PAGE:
Insulin counter-regulatory hormones Flashcards Preview

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Flashcards in Insulin counter-regulatory hormones Deck (29):
1

Outline the synthesis of glucagon

Preproglucagon is synthesised by the pancreatic alpha cells, this molecule is cleaved to form proglucagon. This proglucagon is then cleaved to form glucagon in the alpha pancreatic cells, or other molecules such as GLP-1 in the brain or L-intestinal cells

2

What is glucagon secretion stimulated by?

Reduced blood glucose concentration or increase blood amino acids (especially alanine and arginine as glucagon stimulates the synthesis of glucose from these substrates --> gluconeogenesis), and exercise

3

What is glucagon secretion inhibited by?

Insulin and somatostatin

4

How does insulin work to inhibit glucagon secretion?

Insulin works to convert cAMP into 5' AMP via the action of a phosphodiesterase enzyme, and thd therefore glucagon can no longer activate protein kinase A (PKA) and this inhibits glucagon's mechanism of action

5

What type of receptor is the glucagon receptor?

G-protein coupled receptor

6

What are the main actions of glucagon?

Increase glycogenolysis, increased gluconeogenesis, inhibition of glycolysis, increased lipolysis in adipose tissue

7

What are the main substrates used in gluconeogenesis?

Amino acids, glycerol and lactate

8

How does glucagon work to encourage gluconeogenesis but inhibit glycolysis?

These processes are effectively the reverse of each other, where the direction of committance is determined by pyruvate kinase (PK) and phosphofructokinase 1 (PFK-1); glucagon inhibits PK and PFK-1 in order to encourage gluconeogenesis and inhibit glycolysis.

9

How does glucagon work to encourage lipolysis in adipose tissue?

Glucagon activates hormone-sensitive lipase to encourage lipolysis. The glycerol --> glujconeogenesis in the liver whereas the fatty acids can be used in beta oxidation and converted to acetyl CoA

10

What is the carnitine shuttle?

The carnitine shuttle is responsible for transferring long-chain fatty acids across the barrier of the inner mitochondrial membrane to gain access to the enzymes of beta-oxidation

11

How does insulin affect the carnitine shuttle, and what is the consequence of this?

The carnitine shuttle is responsible for transferring long-chain fatty acids across the barrier of the inner mitochondrial membrane to gain access to the enzymes of beta-oxidation; the CPT-1 enzyme is a main factor in this shuttle and is inhibited by insulin to prevent acetyl CoA production (ketogenesis substrate)

12

What enzyme is involved in the transfer of free fatty acids across the inner mitochondrial membrane?

Carnitine shuttle (CPT-1 especially)

13

How does glucagon affect the carnitine shuttle and what are the consequences of this?

It activates the CPT-1 enzyme and therefore this permits greater amount of beta oxidation and therefore there is more acetyl CoA production and thus greater substrate for ketogenesis.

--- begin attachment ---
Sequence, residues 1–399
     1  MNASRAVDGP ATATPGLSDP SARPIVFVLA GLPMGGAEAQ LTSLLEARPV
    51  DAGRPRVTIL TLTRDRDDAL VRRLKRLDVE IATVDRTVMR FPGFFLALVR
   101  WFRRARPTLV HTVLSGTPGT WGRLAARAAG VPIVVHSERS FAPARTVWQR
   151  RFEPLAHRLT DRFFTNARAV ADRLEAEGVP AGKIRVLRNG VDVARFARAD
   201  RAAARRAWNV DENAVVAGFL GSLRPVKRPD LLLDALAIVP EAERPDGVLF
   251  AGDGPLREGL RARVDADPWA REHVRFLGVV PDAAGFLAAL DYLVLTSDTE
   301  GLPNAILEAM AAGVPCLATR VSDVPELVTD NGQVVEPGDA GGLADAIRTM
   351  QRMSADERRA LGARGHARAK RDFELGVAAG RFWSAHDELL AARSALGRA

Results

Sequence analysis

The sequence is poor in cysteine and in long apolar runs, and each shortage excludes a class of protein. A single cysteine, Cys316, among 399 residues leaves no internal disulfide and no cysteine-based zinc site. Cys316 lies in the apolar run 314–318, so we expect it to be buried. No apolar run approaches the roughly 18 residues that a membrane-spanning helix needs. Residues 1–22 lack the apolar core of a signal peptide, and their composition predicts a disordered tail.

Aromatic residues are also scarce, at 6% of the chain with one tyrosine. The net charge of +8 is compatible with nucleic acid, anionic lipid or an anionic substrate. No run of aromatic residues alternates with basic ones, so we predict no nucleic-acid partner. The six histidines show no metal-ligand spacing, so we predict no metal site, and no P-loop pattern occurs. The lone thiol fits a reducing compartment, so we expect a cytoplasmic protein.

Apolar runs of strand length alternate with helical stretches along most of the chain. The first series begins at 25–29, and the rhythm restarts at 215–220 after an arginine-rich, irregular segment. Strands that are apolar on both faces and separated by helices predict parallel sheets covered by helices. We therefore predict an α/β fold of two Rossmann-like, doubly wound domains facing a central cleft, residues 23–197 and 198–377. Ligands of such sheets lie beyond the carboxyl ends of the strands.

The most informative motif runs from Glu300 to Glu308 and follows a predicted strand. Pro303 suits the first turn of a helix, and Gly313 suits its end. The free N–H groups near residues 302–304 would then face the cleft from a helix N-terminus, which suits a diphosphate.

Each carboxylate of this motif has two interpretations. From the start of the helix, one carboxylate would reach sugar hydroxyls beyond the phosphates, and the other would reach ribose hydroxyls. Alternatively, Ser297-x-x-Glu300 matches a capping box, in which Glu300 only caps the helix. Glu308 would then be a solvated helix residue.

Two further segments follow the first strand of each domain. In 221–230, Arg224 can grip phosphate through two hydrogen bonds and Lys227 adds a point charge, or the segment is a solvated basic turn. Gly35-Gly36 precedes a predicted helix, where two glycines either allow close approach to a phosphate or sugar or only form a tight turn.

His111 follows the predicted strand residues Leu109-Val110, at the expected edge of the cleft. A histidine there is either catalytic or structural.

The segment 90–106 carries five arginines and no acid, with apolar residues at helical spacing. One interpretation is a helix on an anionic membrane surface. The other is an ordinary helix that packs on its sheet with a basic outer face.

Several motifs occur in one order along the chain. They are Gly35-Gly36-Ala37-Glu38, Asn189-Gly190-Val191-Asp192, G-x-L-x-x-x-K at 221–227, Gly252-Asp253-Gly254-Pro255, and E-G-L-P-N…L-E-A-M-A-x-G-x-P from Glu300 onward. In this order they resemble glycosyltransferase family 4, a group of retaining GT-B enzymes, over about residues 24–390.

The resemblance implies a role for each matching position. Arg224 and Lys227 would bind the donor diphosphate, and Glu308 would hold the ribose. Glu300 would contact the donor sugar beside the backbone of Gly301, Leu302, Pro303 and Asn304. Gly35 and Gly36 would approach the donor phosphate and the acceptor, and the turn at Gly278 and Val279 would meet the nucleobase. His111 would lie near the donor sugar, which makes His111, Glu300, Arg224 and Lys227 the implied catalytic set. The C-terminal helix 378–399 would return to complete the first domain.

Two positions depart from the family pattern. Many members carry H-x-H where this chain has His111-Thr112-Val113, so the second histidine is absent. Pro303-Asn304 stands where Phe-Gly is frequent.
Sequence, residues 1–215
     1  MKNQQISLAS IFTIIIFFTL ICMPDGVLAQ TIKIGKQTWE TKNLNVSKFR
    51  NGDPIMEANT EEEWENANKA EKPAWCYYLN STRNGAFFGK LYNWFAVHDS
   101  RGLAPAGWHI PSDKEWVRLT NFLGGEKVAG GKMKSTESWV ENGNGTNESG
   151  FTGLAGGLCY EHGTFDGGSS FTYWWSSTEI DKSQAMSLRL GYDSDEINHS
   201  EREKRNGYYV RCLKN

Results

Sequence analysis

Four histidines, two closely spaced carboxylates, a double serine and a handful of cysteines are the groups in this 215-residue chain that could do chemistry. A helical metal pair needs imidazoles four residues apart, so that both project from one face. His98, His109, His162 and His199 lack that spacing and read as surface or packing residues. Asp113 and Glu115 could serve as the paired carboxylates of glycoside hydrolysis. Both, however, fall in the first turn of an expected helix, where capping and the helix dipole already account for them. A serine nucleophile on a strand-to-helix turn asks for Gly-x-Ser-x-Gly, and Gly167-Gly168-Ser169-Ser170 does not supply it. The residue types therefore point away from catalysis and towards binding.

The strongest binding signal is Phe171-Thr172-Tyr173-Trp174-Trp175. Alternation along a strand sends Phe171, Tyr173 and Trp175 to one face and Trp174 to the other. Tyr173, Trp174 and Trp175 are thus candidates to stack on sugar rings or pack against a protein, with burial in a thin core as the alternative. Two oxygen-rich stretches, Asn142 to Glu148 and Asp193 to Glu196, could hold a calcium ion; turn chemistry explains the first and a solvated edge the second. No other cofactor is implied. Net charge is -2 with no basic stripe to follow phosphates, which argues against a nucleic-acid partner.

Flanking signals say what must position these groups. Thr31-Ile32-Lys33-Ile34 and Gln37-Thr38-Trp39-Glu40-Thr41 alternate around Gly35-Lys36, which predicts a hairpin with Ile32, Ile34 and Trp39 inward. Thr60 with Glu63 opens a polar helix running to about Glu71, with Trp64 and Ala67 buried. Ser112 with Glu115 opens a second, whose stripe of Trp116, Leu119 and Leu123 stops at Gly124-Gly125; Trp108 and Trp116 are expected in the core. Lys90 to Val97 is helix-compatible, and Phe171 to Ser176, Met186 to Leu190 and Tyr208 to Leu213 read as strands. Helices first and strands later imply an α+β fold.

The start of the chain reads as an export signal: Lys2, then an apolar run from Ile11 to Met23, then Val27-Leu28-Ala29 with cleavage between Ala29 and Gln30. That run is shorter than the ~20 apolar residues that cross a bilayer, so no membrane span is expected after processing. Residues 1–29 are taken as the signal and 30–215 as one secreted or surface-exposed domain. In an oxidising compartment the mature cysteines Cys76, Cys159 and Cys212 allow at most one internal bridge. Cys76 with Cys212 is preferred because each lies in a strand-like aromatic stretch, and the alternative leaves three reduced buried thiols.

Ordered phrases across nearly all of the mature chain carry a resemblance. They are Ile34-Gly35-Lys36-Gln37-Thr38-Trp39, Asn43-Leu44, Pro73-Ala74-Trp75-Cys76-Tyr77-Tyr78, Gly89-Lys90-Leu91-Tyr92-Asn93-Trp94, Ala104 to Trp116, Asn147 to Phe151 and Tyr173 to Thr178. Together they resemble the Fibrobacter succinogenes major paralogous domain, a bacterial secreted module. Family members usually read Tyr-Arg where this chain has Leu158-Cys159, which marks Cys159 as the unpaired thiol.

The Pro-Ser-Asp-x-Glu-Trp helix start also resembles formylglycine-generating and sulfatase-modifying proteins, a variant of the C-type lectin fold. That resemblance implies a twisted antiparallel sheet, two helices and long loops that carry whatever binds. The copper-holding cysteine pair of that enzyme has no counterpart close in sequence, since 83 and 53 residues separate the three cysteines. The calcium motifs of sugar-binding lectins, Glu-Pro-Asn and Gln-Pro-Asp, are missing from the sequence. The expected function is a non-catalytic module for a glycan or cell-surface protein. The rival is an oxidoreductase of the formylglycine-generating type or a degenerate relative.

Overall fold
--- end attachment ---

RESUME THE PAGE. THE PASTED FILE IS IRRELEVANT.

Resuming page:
14

How does the body facilitate a switch to ketogenesis to prevent excess muscle wasting?

Although there is an increase in free fatty acids as a result of increased lipolysis in adipocytes, beta oxidation of these substrates is prevented by the liver using the oxaloacetate in the mitochondria (from the Krebs cycle) as a substrate for gluconeogenesis; as a result the oxaloacetate:acetyl CoA ratio is reduced, and this leads to an excess of acetyl CoA which can then be used by the liver in ketogenesis.

15

What are catecholamines?

Adrenaline and noradrenaline

16

What causes the stimulation of catecholamine release?

Catecholamines are released in response to stress and hypoglycaemia

17

What substrates are involved in the synthesis of catecholamines?

Phenylalanine and tyrosine

18

What is the action of catecholamines on the metabolism?

- Inhibits insulin secretion and stimulates glucagon secretion
- stimulates glycogenolysis in the liver and muscle
- increases lipolysis in the adipose tissue

19

What is the mechanism of sympathetic response which leads to the release of catecholamines?

The hypothalamus is stimulated by stress etc. and this causes the propagation of an action potential down the sympathetic fibres directly to the adrenal medulla where adrenaline and noradrenaline are released as a result. These molecules then stimulate glycogenolysis, lipolysis and glucagon secretion

20

How is cortisol synthesised?

Stress is acknowledged ad stimulates the hypothalamus which then secretes CRP (corticotrophin releasing hormone) which then causes the release of ACTH from the pituitary gland (corticotropes) and this ACTH stimulates the adrenal cortex to produce glucocorticoids (and mineralocorticoids)

21

What causes the release of glucocorticoids/cortisol?

Stress etc.

22

What are the three layers of the adrenal cortex?

Zona glomerulosa (most superficial), zona fasciculata and zona reticularis (just above medulla)

23

What hormone is secreted by the adrenal zona glomerulosa?

Mineralocorticoids

24

What hormone is secreted by the adrenal zona fasciculata?

Glucocorticoids

25

What hormone is secreted by the adrenal zona reticularis?

Androgens

26

How does cortisol affect metabolism?

Enhances gluconeogenesis, inhibits liver glucose uptake, stimulates muscle proteolysis and stimulate adipocyte lipolysis

27

How does cortisol exert it's effects on metabolism?

It affects the DNA within cells in order to affect the protein translation and transcription in order to affect the gene expression

28

What complications can arise with persistent raised cortisol levels?

Can induce proteolysis and muscle wasting

29

What is the action of growth hormone?

Increases lipolysis in adipose tissue, and reduces glucose uptake in skeletal muscle and increases production and uptake of lipoproteins in the liver